25 years ago, cars and buses belched fumes all the time and everyone burned all their trash.  Now, there are vehicle inspections, trash pick-up and recycling in many places and the air is cleaner.

25 years ago, most of the sewage was dumped into the lakes and rivers and oceans, now there are more and more water treatment plants, and chlorination for potable water in the cities.

Nicaragua before the civil unrest of 2018, was on tap to have 90% renewable energy by next year.  They keep trying even with more limited funding (since April 2018)…opening solar power plants on the east coast, etc.

Nicaragua also has large rain forests, and like Brazil much has gone to agriculture, ranching and precious woods, but if other nations of the world paid Nicaragua money for oxygen imagine how much more of the forest might survive!

Also imagine a government intent on promoting renewable, clean energy and making Nicaragua a nation healthy for its people; if that government had money, how much more they would be able to do!

Yeah.  I’d pay an oxygen tax.


Monday, October 14, 2019

Before the crack of dawn... Coffee!

The life of a farmer is hard.   The life of a subsistence farmer is beyond imagination…or, at least, mine.

I’m a night owl…let me work late into the early morning hours but don’t let me see the sun come up.

Farmers get up early…really early.  As a pastor friend said one-time regarding a church retreat when the schedule called for 5:00 AM prayer time, “I don’t believe in God at 5AM!”  They do.  They are up and going long before 5AM.

Delegations that stay overnight at the remote coffee cooperative are impressed at how early people are up and working.  They are also impressed at the grueling work of farming.*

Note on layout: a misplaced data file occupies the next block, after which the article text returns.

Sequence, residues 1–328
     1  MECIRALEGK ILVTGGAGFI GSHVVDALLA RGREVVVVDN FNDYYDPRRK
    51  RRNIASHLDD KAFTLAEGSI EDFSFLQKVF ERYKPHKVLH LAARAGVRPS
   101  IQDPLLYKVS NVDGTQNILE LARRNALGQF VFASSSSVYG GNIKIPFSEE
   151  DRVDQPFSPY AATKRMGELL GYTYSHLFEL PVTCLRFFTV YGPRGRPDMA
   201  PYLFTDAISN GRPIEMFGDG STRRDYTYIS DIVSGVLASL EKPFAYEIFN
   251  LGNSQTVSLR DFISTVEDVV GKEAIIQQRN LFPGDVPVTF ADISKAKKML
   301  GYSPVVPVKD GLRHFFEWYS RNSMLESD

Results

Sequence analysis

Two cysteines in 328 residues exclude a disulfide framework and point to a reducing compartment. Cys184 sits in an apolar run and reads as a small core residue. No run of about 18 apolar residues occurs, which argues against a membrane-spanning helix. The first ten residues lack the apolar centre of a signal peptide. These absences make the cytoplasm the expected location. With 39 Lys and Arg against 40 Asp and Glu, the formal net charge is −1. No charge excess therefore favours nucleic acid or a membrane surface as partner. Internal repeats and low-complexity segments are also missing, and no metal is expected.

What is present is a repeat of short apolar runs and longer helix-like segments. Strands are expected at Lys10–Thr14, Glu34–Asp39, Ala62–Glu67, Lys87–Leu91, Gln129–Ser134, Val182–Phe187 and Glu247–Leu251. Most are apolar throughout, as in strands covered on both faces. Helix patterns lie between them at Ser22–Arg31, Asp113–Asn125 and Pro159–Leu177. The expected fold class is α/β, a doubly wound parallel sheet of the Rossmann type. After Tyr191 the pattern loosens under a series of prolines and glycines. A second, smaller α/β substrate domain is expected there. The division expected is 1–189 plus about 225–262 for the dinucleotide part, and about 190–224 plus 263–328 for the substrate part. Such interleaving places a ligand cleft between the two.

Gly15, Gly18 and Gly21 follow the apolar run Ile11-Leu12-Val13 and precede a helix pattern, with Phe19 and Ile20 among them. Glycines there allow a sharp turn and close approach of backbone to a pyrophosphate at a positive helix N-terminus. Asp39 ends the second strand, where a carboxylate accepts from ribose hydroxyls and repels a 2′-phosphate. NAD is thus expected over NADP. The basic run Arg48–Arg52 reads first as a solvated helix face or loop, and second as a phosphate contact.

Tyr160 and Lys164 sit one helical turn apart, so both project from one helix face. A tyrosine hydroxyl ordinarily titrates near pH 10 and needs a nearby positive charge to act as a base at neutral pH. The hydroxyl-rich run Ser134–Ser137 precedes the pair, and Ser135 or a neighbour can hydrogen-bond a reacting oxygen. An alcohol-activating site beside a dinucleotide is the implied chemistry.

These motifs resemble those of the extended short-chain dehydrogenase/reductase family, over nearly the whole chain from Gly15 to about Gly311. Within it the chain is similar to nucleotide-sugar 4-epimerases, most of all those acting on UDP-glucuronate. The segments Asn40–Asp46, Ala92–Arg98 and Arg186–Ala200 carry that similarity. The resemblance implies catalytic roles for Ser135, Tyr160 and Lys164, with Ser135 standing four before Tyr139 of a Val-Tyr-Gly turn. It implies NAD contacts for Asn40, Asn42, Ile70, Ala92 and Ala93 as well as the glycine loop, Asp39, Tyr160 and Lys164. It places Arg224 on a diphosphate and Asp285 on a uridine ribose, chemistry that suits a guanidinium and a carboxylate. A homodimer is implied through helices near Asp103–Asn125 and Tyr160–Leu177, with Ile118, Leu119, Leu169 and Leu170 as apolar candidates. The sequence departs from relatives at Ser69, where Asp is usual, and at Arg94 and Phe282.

Weeding by hand.  Planting by hand.  Tending the crops day-in and day-out.  Struggling under the horrid heat of the sun.  Getting the land ready by moving rocks that come in with the rains.  It is hard and when you look at the farmers, themselves, they are lean and leathery from such manual labor.
And if they have a good crop because the rains cooperated, no volcano blew ash on their crops, the winds were not too rough, and they were able to hire enough seasonal workers for harvest…what is their reward?

Little…never enough to really save for the day when the weather, volcanoes, and winds don’t cooperate.

While you go to Starbucks to get your venti sized brewed coffee for $2.45 using about 1 tablespoon of ground coffee, the farmers are getting $2.00 per pound and that is for already processed coffee beans… organic and shade-grown.

Just?  Fair?  We don’t think so, when it is the farmer who takes all the risks and does most of the work and yet gets so little from that heaven-sent cup of java.

If you want to help, buy your coffee from and
If you want to help the peanut and sesame growers, support and

Also look at your food… your coffee… your tea… and give thanks for the farmers who grew them.


*If you want to contribute to our sustainable agriculture work online:

Not yet subscribed? Enter your email address here (doesn't work on cellphone):

Delivered by FeedBurner

Thursday, October 10, 2019

Future Fridays - the Over-consuming Poor?

For Future Fridays, we are going to post blogs on climate change and how it affects the poor and Nicaragua.  We hope you find these interesting and motivational.

We just watched a comedy news show clip of Pres. George H. W. Bush giving a speech on climate change and how we, the United States of America, as a nation had to start addressing climate change now… or then in the 1980s.

From the show we learned that evidently the Koch brothers, who were invested heavily in oil, funded scientists and politicians to deny climate change.  Until then most politicians and scientists knew human-made climate change was a fact.  Wow.

Two arguments I hear the most about the problems of climate change are:

Over population… poor people keep having babies…
And poorer nations have no regulations (next week, I address this).